Nowadays, the use of water and toilet papers for perianal cleansing are the two main methods for perianal cleansing. While toilet paper is preferred in Western countries due to least direct contact with faeces, water is considered in many cultures as the most hygienical way to perform perianal cleansing after defecation (Cromwell, 2015  ;  Abdul Rahim, 2005 ). Islamic teachings provide two options for Muslims to perform perianal cleansing: a) istinja using water – or; b) istijmaar using papers, tissues or other hard objects such as stones, if water is unavailable ( Abdul Rahim, 2005 ). These options provide alternative methods for Muslims depending on the availability of resources or materials. The latest decree (fatwa ) from Turkey׳s Directorate of Religious Affairs (Diyanet) in 2015 allows Muslims to use of toilet paper if water is not available ( Özgenç, 2015 ). However, it is important for Muslims to further clean these perianal areas with water prior to performing religious rituals such as daily prayers. Based from the research findings (see Table 2 ), most participants (Aishah, Amina, Ahmet, Dewi and Omar) comply with the use of water for perianal cleansing with the additional shattaf installation, while Soraya and Farid are able to adapt using toilet papers instead. The findings from this study further demonstrates that case study participants find it easier to adapt with the use of Western sitting toilets instead of squatting latrine than opting to switch using of toilet papers instead of water because of the Islamic hygienical jurisprudence on istinja . Islamic hygienical jurisprudence on the leniency on using toilet papers in istijmaar , is proven not yet a popular option by many Muslims despite the recent fatwa ( Özgenç, 2015 ).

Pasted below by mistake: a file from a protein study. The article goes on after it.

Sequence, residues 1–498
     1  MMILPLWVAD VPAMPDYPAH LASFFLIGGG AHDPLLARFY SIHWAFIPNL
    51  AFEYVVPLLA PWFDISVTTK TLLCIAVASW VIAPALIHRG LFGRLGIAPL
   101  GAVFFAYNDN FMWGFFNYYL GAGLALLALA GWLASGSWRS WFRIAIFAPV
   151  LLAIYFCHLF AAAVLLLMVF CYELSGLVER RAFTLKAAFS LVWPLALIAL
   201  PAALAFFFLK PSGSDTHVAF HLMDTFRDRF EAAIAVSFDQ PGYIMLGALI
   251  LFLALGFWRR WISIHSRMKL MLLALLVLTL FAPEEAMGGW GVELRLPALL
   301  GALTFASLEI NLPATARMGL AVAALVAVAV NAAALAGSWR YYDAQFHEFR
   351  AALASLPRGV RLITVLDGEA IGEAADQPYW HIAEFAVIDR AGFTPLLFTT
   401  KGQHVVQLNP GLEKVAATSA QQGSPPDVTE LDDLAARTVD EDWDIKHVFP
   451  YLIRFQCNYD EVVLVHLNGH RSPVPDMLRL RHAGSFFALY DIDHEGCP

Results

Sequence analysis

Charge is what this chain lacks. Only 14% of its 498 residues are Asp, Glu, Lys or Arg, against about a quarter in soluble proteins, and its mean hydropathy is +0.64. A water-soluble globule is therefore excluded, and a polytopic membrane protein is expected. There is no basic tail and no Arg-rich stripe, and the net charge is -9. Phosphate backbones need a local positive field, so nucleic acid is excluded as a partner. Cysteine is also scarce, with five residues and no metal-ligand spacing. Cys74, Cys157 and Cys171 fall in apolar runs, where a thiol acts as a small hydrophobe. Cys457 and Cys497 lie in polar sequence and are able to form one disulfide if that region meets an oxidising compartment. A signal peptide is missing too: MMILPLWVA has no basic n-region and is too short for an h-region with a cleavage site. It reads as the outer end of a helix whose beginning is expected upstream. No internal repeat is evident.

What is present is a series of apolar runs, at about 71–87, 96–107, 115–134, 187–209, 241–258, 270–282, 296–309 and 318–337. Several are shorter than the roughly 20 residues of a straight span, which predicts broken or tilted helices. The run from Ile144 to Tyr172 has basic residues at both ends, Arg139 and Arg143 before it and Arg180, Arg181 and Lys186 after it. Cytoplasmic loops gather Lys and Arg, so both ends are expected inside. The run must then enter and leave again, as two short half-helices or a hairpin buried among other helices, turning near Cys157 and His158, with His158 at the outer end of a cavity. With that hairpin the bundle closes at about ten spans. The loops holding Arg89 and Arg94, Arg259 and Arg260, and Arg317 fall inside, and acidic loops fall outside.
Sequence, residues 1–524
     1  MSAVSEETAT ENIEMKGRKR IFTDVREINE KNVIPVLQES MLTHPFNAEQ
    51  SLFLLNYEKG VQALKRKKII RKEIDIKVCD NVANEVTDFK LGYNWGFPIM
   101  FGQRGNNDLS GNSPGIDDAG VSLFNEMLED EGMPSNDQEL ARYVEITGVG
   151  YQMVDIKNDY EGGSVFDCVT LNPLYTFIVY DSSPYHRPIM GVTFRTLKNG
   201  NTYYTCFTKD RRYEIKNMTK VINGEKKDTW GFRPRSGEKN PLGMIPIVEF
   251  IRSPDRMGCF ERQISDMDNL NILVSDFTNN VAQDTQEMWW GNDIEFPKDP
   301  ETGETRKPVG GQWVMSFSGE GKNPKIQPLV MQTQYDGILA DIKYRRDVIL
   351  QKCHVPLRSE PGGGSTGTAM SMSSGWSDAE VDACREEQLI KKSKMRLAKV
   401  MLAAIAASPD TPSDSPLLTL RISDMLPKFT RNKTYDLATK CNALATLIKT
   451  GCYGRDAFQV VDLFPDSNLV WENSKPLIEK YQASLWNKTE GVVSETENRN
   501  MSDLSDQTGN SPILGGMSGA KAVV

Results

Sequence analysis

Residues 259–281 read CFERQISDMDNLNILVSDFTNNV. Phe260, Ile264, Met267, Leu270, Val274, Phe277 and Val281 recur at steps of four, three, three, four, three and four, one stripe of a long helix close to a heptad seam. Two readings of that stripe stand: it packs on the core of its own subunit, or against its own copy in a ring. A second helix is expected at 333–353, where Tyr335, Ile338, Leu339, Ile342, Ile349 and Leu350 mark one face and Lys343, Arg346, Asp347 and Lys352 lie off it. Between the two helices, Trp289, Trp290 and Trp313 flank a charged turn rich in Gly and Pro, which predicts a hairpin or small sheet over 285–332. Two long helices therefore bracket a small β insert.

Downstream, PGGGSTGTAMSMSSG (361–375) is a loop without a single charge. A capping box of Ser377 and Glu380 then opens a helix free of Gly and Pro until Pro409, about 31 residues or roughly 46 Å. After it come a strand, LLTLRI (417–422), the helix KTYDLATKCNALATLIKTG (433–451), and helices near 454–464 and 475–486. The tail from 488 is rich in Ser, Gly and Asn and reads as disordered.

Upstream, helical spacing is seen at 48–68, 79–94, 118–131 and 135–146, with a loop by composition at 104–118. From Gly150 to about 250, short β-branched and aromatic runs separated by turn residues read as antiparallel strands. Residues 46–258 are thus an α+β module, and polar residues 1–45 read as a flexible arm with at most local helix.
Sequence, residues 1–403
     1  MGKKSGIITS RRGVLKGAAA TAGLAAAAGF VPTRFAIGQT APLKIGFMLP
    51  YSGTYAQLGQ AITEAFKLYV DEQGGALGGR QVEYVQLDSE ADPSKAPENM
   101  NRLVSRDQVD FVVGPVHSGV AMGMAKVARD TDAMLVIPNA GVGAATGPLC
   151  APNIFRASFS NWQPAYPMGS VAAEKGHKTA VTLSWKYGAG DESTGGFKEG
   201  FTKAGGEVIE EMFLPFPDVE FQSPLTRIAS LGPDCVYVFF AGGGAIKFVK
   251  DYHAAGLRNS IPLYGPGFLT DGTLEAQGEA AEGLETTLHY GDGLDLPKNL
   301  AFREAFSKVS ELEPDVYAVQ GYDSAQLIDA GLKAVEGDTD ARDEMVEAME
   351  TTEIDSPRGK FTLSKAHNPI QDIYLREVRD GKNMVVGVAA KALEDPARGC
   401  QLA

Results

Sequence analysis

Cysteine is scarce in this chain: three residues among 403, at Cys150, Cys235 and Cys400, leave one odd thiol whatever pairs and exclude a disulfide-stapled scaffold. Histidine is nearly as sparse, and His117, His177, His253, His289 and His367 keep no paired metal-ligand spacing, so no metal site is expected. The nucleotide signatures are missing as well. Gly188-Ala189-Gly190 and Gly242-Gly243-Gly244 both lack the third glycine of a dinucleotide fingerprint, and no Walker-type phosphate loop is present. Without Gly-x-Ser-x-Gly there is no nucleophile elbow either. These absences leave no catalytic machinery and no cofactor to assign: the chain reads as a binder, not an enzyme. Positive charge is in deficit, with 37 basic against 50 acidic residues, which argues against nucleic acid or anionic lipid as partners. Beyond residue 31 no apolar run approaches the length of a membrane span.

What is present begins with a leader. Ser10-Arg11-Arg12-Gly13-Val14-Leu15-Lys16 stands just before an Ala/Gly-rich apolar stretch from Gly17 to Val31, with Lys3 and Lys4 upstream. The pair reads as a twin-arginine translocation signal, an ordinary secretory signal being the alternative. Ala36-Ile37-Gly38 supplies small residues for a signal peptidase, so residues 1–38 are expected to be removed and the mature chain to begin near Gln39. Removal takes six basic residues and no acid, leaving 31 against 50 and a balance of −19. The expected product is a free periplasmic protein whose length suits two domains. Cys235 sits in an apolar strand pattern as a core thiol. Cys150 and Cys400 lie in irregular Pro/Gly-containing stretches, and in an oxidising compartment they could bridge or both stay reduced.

There are no mandatory guidelines regarding specific toilet design guidelines in Islam in comparison to some other teachings such as in vaastu shastra ( Patra, 2009  ;  Patra, 2006 ) or feng shui ( Too, 1999  ;  Pathak, 1995 ). However, some Islamic scholars recommended that toilets should not face Mecca or qiblah despite recommending that houses are constructed to face qiblah (Omer, 2010 ). This is based on the interpretation of Prophet Muhammad׳s utterances (hadiths) regarding etiquettes during defecation: